(This is our second annual “Favorite Songs”series. It’s a chance for Range Life fans, friends and family to shout-out and share some of the songs that made 2009 better, dancier, more deeply felt, more memorable and enjoyable. Songs are presented in no particular order. Submissions are welcome! Send a song link and whatever you want to write to firstname.lastname@example.org.)
Song: “No Hope Kids” by Wavves
Song Link: HERE
The problem with complete and utter immediacy is that the people who encounter it first feel like they’ve struck gold and won’t shut up about it, so by the time it hits the rest of us, it’s all wrapped up and ribboned in hype. Case in point: well… Wavves.
If you heard Wavves pre-hype, you probably thought: boy genius. If you heard Wavves post-hype, you probably thought: interminably spoiled brat.
But stepping back from the brouhaha and casually listening through mixes from the year, “No Hope Kids” is totally deserving of special attention. It’s a blast, as pure in ennui as it is in inspiration, a head-bobbing high from caffeine, pot, anxiety, decibel level, rebelliousness.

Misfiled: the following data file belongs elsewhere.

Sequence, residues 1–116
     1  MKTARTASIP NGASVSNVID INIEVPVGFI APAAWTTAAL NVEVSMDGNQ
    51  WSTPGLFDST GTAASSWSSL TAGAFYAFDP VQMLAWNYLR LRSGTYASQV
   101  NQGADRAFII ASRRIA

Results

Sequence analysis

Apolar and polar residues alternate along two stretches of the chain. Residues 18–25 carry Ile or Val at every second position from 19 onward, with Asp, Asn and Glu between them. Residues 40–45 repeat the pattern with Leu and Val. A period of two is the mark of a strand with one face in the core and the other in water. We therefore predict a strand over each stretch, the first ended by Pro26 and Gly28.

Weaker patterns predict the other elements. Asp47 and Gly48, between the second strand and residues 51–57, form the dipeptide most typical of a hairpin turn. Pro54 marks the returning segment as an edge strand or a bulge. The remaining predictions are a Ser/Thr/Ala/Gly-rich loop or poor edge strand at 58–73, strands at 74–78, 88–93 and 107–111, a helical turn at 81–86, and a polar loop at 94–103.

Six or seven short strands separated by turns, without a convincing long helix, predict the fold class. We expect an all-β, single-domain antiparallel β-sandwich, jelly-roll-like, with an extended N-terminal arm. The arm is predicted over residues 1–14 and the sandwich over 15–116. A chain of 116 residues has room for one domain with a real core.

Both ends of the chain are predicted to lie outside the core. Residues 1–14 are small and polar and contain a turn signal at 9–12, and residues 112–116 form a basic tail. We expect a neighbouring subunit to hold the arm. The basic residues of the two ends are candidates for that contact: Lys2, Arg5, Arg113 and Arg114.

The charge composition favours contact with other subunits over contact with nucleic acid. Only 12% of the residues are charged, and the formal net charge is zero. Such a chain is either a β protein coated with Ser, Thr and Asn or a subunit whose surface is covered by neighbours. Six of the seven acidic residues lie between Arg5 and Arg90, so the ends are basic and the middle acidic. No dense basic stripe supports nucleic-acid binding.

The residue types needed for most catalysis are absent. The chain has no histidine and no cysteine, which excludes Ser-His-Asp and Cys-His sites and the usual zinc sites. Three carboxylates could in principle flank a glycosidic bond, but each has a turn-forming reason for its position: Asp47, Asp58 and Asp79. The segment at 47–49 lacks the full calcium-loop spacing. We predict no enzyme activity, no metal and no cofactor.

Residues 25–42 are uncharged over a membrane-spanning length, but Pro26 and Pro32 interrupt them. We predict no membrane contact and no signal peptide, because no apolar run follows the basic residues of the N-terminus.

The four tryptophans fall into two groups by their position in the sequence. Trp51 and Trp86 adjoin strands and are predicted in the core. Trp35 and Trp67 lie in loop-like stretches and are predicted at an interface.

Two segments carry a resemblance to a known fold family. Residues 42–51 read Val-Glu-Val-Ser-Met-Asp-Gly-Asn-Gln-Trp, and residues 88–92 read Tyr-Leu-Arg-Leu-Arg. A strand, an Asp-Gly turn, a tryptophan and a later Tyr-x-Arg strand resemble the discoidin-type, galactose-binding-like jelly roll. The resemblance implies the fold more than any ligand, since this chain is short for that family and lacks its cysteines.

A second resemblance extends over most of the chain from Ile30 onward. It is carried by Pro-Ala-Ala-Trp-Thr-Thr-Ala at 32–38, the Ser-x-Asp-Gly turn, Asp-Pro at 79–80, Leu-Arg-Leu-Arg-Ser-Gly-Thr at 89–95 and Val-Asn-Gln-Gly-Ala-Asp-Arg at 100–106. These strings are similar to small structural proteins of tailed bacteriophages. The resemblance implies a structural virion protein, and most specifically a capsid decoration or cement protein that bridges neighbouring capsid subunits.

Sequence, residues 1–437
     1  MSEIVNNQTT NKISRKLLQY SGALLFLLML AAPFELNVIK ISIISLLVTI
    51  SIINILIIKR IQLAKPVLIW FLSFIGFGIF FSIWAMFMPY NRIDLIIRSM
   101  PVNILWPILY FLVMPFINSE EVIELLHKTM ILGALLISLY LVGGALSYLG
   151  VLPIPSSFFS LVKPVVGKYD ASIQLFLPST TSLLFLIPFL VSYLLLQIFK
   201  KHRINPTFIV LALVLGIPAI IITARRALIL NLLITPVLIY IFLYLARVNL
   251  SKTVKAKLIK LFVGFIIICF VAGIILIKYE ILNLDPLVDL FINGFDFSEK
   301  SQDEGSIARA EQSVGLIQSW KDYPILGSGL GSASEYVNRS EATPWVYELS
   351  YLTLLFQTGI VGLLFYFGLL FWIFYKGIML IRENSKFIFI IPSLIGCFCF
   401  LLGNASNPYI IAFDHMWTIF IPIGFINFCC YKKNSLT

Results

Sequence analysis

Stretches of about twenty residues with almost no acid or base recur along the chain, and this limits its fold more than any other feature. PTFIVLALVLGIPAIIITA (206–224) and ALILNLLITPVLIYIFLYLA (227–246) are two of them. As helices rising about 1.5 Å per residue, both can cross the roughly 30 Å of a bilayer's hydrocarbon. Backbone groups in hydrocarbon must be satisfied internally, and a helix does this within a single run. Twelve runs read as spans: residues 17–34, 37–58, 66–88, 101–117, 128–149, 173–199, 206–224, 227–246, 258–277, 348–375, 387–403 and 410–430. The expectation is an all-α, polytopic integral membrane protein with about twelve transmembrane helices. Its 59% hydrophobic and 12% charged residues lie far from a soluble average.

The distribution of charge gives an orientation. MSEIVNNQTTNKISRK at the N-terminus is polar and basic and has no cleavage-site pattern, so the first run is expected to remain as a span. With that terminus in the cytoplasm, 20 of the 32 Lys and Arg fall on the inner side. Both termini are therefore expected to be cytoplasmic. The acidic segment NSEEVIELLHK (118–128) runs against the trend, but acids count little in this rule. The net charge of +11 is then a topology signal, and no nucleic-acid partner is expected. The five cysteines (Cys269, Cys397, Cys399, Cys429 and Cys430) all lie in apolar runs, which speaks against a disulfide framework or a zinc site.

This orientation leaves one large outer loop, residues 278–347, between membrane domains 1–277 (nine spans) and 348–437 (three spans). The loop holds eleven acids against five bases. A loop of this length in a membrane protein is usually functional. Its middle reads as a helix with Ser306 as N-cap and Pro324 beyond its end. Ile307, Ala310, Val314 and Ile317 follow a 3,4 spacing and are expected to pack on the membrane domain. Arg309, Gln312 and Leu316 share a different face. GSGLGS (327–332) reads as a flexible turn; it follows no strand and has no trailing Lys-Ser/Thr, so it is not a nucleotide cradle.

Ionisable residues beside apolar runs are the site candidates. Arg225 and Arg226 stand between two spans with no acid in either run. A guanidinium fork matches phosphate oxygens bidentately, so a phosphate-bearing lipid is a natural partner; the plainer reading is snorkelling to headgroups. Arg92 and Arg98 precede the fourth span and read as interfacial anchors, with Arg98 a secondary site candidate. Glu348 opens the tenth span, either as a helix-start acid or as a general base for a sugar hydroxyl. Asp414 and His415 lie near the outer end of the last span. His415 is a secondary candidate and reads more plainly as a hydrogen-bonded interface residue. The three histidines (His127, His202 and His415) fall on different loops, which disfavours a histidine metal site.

Like so much of this year’s Garage/Punk/Rock, “No Hope Kids” sounds like a thrift store vinyl collection slammed through the filter of modern sensibility. Early Beach Boys, Lou Christie, the Sex Pistols, the Ramones crash like waves into the jagged rocks of post-Bush America. Or is it the other way around? Detached, helpless, agitated, navel-gazing, restless, rambunctious post-Bush American youth sensibilities crash like waves against the last 50 years of Rock? Either way: Wavves.
And who can’t relate? Of all the things dude doesn’t have, in not having them he’s in good company. Hell, I don’t have a car. Much money. A “god”. Any time, whatsoever. But it’s satire, too. A send-up of disaffection by taking it to the extreme. And theater: aren’t we all suburban kids who start our adult lives not exactly living the dream? And tragedy, cause we live in a drugged-up, disconnected Corporate state which is going to “change” how, exactly? And Transcendent Act, since despite all the reasons not to, he’s managed to put together a song that, for two minutes, at least, frees us from the shackles and let’s the urgency of endorphins make us feel unstoppable.
Just in that fact, there’s hope, kids.